History of Lexham Hall
The Grade II listed Lexham Hall is at the centre of a privately owned 4400 acre estate in the Upper Nar Valley of West Norfolk; it is home to the Foster family but not open to the public. The gardens are open on selected dates and "by appointment".
Originally there was a manor house called Rouse’s on a moated site south-west of the present hall. Rouse’s was abandoned in the later Middle Ages; John Wright of Weeting, who acquired the manor in 1568, lived in a new house on or about the present site. He rebuilt the house in the 1630s to form the core of the present-day hall. The name of the architect is unknown.
Wright later sold the property to a Richard Moore whose executors conveyed it in 1673 to Sir Philip Wodehouse, 3rd Baronet, MP, of Kimberley, who was a 'man of great learning and a skilled musician'. Sir Philip's grandfather and namesake, the 1st Baronet, had acquired East Lexham Manor (not to be confused with Rouse's) almost a century earlier.
Lexham Hall remained in the ownership of the Wodehouses until the beginning of the 19th century. Significant remodelling was carried out in the early years of the 18th century by Edmund Wodehouse and in the 1770s by John Wodehouse, son and heir of Sir Armine Wodehouse, 5th Baronet. The humorist P G Wodehouse descends from John's younger brother.
There exists a design for John Wodehouse's study at Lexham by the Palladian architect John Sanderson, dated 1770. Although there is no further evidence that Sanderson was responsible for any other work at Lexham he is known to have worked at the Wodehouse's principal seat of Kimberley at about this time. 'Capability' Brown had landscaped the park at Kimberley a few years before and this clearly influenced John Wodehouse's operations in the park at Lexham in 1776.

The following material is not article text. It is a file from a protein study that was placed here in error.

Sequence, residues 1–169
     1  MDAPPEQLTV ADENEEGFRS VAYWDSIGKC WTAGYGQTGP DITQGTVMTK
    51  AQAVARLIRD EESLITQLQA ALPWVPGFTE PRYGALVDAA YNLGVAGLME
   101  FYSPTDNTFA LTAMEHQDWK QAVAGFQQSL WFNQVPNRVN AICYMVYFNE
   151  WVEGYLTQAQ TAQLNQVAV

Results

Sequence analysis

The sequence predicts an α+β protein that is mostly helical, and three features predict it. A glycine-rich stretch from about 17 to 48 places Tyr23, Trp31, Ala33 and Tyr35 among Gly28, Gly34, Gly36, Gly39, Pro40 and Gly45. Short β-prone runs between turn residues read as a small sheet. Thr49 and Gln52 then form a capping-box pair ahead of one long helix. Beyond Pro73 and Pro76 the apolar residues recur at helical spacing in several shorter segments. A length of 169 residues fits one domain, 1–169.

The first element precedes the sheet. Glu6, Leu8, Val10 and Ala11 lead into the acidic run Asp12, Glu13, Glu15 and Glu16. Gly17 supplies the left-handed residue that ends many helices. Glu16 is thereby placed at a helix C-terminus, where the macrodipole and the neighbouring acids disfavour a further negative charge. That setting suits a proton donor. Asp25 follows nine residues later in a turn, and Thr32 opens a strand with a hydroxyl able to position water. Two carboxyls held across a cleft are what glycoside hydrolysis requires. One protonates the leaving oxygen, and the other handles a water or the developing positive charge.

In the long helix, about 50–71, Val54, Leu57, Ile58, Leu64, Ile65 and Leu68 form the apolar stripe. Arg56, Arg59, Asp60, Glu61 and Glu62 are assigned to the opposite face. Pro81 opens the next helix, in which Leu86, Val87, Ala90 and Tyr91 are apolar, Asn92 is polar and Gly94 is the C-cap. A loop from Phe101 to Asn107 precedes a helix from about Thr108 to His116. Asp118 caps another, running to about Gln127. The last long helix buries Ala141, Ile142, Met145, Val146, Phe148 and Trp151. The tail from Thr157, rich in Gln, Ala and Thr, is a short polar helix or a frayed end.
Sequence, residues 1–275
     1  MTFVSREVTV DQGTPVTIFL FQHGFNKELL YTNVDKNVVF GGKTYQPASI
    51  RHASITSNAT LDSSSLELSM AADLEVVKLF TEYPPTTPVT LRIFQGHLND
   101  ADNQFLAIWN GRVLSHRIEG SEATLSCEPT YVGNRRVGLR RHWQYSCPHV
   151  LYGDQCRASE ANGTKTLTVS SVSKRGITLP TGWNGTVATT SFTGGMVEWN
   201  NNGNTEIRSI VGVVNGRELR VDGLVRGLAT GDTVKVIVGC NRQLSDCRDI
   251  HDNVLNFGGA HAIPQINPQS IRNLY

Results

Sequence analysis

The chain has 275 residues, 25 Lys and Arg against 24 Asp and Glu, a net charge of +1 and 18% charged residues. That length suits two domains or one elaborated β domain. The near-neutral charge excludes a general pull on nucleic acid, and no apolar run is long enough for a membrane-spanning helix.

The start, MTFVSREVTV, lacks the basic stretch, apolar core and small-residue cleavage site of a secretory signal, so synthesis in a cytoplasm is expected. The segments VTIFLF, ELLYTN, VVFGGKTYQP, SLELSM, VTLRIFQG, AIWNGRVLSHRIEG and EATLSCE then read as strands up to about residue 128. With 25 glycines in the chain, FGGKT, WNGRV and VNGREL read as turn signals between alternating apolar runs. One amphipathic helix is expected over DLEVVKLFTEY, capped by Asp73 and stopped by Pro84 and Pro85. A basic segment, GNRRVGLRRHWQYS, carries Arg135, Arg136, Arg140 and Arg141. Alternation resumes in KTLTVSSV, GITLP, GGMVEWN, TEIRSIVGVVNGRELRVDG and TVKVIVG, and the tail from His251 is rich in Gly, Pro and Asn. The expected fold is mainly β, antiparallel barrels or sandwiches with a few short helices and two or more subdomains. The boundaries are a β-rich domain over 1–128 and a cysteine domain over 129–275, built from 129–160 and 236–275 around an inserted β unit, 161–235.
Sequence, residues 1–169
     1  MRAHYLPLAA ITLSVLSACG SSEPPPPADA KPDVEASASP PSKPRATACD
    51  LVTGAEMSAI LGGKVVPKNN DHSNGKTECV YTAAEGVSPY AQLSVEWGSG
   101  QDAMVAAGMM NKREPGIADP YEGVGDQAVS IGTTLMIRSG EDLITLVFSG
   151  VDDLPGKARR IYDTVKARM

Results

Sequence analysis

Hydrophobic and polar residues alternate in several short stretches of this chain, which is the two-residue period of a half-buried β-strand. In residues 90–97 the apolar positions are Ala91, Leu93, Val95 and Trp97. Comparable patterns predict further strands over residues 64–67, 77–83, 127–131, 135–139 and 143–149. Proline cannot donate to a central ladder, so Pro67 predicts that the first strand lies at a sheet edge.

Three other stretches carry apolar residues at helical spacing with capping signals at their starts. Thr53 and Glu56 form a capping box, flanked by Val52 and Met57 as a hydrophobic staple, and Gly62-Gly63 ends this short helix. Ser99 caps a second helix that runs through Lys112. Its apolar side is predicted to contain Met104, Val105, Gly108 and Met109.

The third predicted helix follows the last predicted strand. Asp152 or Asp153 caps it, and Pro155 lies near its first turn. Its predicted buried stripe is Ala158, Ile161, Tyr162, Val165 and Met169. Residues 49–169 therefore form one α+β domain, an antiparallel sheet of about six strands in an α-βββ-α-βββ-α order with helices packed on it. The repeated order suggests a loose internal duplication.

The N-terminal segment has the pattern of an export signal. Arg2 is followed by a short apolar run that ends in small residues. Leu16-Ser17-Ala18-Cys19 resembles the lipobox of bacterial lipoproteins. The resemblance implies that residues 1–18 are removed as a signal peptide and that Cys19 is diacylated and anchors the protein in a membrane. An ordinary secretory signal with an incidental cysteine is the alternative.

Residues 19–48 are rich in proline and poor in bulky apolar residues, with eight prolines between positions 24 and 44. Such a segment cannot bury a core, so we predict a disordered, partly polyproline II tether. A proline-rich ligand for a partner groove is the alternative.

The following year, 1777, John succeeded to the baronetcy and to Kimberley, later being created a peer. Mostyn John Armstrong in his 'The History and Antiques of the County of Norfolk' published in 1781 describes Lexham as 'a handsome seat of the Wodehouse's, and has been much improved by the present lord'. Lexham was eventually sold to the tenant, John Hyde in 1800, who in turn sold out to Sir Edward Walpole in about 1806 as a dowry for his illegitimate daughter Louisa on her marriage to Frederick Keppel, son of the Bishop of Exeter.
The Keppels made various additions to the Hall, which was enlarged and remodelled in the early part of the 19th century under the supervision of the architect Jeffrey Wyatville. They also made many great improvements to the cottages, barns and other farm buildings. They continued to own Lexham until shortly before the First World War, when it was sold to Augustus Leverton Jessop in 1912, who lived in the Hall for the next 30 years. Olaf Keir, a Dane who had made his money constructing airfields during the Second World War, bought the estate in 1941. His plans to remodel the Hall did not reach fruition and during the Second World War the Hall was used by the army, and Dr Barnados cared for evacuated children in the old west wing.
Two World Wars and adverse economic conditions caused a slow but steady deterioration until the renaissance brought about by Mr William Foster and his wife Jean following his acquisition of the estate in 1946.
To restore the Hall the Fosters called in the distinguished Norwich architect James Fletcher-Watson, a disciple of Sir Edwin Lutyens who, between 1947 and 1949, removed the Victorian accretions to produce a stylish and handsome four square house. Sixty years on, it is by no means easy to tell which is 18th century and which is 20th century work.
The north front is, in fact, the earliest of the facades, though the old entrance door became a window in Fletcher-Watson's remodelling. The central porch on the east front and the bow window (added in the 1950s), doorway and Dutch gable on the south front are all Fletcher-Watson. He was also largely responsible for the interior.